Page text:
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Tue Aug 1, 2017, 11:41 AM

Methane-eating microbes found beneath Antarctica's melting ice sheets


Methane-eating microbes found beneath Antarctica's melting ice sheets

July 31, 2017
Rachel Damiani
photographer: Reed Scherer

Lurking in a lake half a mile beneath Antarctica’s icy surface, methane-eating microbes may mitigate the release of this greenhouse gas into the atmosphere as ice sheets retreat.

A new study published today in Nature Geoscience traces methane’s previously unknown path below the ice in a spot that was once thought to be inhospitable to life. Study researchers sampled the water and sediment in Antarctica’s subglacial Whillans Lake by drilling 800 meters through ice for the first time ever. Next they measured methane amounts and used genomic analyses to find that 99 percent of methane released into the lake is gobbled up by microbes.

These tiny microorganisms may have a big impact on a warming world by preventing methane from seeping into the atmosphere when ice sheets melt, said Brent Christner, a University of Florida microbiologist and co-author on the study.

“This is an environment that most people look at and don’t think it could ever really directly impact us,” Christner said. “But this is a process that could have climatic implications.”


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Reply Methane-eating microbes found beneath Antarctica's melting ice sheets (Original post)
OKIsItJustMe Aug 2017 OP
mitch96 Aug 2017 #1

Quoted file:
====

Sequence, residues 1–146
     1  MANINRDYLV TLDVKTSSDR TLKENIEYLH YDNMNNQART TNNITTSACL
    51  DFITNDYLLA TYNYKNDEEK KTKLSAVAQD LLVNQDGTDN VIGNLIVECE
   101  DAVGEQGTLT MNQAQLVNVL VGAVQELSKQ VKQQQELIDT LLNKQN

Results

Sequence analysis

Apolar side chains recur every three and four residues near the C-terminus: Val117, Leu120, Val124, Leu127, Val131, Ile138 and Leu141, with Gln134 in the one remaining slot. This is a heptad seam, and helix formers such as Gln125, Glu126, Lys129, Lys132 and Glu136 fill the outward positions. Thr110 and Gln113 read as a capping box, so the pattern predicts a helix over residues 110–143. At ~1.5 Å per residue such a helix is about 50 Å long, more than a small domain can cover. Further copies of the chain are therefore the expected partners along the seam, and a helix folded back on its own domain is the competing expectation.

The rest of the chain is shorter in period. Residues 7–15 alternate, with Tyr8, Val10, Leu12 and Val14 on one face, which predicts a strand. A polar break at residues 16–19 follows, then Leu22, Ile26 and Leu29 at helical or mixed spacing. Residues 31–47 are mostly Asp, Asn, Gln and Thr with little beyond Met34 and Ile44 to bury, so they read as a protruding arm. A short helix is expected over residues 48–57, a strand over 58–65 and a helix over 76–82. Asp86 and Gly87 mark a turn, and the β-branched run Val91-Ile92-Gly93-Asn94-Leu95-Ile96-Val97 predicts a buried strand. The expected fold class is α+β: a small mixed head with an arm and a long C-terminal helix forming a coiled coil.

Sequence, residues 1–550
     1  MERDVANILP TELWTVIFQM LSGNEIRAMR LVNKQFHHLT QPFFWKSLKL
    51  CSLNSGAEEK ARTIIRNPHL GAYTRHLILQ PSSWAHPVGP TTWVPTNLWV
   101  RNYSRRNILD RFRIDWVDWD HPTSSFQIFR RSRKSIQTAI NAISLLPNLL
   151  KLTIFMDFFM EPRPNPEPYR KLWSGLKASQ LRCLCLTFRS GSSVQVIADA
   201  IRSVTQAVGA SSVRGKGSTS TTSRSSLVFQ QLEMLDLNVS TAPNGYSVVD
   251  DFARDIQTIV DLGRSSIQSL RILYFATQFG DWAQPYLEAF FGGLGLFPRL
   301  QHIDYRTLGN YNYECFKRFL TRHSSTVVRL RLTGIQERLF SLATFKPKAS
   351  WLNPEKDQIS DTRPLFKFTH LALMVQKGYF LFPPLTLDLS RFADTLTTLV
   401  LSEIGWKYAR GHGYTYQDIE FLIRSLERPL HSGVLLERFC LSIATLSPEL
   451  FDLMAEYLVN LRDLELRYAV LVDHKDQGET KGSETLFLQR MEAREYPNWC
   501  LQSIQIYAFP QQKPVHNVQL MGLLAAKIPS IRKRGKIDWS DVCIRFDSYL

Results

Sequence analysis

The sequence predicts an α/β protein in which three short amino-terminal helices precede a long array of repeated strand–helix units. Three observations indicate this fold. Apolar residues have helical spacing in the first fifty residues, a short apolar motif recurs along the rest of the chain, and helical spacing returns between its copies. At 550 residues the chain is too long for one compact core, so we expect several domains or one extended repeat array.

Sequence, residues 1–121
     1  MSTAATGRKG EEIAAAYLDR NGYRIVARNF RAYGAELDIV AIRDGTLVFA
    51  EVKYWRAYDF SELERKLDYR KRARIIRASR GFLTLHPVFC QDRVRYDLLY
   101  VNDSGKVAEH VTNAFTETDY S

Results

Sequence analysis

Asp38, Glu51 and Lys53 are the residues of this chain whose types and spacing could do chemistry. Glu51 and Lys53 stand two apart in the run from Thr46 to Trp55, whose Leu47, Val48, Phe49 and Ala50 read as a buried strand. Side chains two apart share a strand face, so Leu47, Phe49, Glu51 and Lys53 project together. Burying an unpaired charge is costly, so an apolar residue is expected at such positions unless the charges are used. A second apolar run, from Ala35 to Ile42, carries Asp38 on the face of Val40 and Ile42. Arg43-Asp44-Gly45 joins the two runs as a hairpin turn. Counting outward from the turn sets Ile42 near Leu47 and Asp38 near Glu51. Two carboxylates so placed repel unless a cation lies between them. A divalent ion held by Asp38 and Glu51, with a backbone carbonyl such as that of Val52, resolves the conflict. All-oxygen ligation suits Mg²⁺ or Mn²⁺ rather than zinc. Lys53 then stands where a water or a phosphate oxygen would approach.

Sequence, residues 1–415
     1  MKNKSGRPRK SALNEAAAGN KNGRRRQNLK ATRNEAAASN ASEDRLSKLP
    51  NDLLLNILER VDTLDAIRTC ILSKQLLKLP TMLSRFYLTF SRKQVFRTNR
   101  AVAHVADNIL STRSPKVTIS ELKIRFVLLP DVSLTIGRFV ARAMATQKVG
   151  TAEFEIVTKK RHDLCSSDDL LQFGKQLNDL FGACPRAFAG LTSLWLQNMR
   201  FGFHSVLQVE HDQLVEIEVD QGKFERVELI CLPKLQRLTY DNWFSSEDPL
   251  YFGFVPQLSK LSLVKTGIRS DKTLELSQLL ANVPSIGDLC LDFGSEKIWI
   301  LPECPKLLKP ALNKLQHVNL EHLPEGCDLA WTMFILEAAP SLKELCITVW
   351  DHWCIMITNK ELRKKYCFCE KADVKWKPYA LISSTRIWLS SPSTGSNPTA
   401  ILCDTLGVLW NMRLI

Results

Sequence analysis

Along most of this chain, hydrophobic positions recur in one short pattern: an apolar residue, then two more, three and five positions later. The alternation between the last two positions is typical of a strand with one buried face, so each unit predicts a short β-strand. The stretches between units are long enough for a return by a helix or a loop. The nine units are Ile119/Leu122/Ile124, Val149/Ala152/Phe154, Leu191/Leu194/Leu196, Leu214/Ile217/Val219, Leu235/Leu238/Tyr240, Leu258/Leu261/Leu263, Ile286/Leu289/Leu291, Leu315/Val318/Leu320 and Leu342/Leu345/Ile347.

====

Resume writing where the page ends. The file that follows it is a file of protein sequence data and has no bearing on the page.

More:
OKIsItJustMe Aug 2017 #2
mitch96 Aug 2017 #5
mackdaddy Aug 2017 #3
OKIsItJustMe Aug 2017 #4

Response to OKIsItJustMe (Original post)

Tue Aug 1, 2017, 12:48 PM

1. "Methane-eating microbes "

Fantastic!! a cure for cow farts!!!

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Response to mitch96 (Reply #1)

Tue Aug 1, 2017, 01:00 PM

2. Why is it that any mention of "methane" inevitably leads to a "cow fart" joke?


However, no this is not “a cure for cow farts.”

There is a great deal of concern in some quarters about large amounts of methane trapped under the ice. The fear is that if/when the ice melts, all of that methane would be released into the air. (By the way, if it were, it would not smell like a “fart.” Methane is odorless.)

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Response to OKIsItJustMe (Reply #2)

Wed Aug 2, 2017, 01:35 PM

5. " leads to a "cow fart" joke?"

I'm glad you realized it was a joke.. It's a guy thing...

Actually, A 2006 United Nations' Food and Agricultural Organization report, it claims that the livestock sector, most of which are cows produce the most methane.. Livestock is the largest source of methane gas emissions worldwide, contributing over 28 percent of total emissions.
So when I hear methane I think cow farts... that simple!!!

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Response to OKIsItJustMe (Original post)

Tue Aug 1, 2017, 02:49 PM

3. OK, cool that there are methane eating microbes under 800 meters of ice, but

I am not sure this has any application to the melting permafrost in the Arctic. By the time the Antarctic ice sheet melt probably in a few hundred years, humans may well already be gone from the Methane being released in the Arctic, NOW.

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Response to mackdaddy (Reply #3)

Tue Aug 1, 2017, 02:57 PM

4. Those antarctic microbes are not unique


Methane and Frozen Ground

What will happen to the frozen carbon if permafrost thaws?